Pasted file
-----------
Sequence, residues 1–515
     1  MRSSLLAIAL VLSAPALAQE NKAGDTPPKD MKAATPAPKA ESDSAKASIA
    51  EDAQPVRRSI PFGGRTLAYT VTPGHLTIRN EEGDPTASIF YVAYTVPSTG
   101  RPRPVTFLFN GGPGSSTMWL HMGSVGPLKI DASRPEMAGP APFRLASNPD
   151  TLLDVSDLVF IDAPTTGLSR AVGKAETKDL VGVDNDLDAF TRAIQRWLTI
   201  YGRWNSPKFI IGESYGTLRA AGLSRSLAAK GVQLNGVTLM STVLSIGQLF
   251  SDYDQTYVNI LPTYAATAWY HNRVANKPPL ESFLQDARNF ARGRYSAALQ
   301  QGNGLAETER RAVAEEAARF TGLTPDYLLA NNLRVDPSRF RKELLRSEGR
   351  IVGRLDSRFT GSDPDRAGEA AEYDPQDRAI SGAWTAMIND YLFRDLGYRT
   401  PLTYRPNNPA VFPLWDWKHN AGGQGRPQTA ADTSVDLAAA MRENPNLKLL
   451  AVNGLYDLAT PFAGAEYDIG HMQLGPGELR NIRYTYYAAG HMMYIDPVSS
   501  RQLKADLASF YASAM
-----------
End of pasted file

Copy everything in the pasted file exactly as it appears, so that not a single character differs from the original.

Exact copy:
Sequence, residues 1–515
     1  MRSSLLAIAL VLSAPALAQE NKAGDTPPKD MKAATPAPKA ESDSAKASIA
    51  EDAQPVRRSI PFGGRTLAYT VTPGHLTIRN EEGDPTASIF YVAYTVPSTG
   101  RPRPVTFLFN GGPGSSTMWL HMGSVGPLKI DASRPEMAGP APFRLASNPD
   151  TLLDVSDLVF IDAPTTGLSR AVGKAETKDL VGVDNDLDAF TRAIQRWLTI
   201  YGRWNSPKFI IGESYGTLRA AGLSRSLAAK GVQLNGVTLM STVLSIGQLF
   251  SDYDQTYVNI LPTYAATAWY HNRVANKPPL ESFLQDARNF ARGRYSAALQ
   301  QGNGLAETER RAVAEEAARF TGLTPDYLLA NNLRVDPSRF RKELLRSEGR
   351  IVGRLDSRFT GSDPDRAGEA AEYDPQDRAI SGAWTAMIND YLFRDLGYRT
   401  PLTYRPNNPA VFPLWDWKHN AGGQGRPQTA ADTSVDLAAA MRENPNLKLL
   451  AVNGLYDLAT PFAGAEYDIG HMQLGPGELR NIRYTYYAAG HMMYIDPVSS
   501  RQLKADLASF YASAM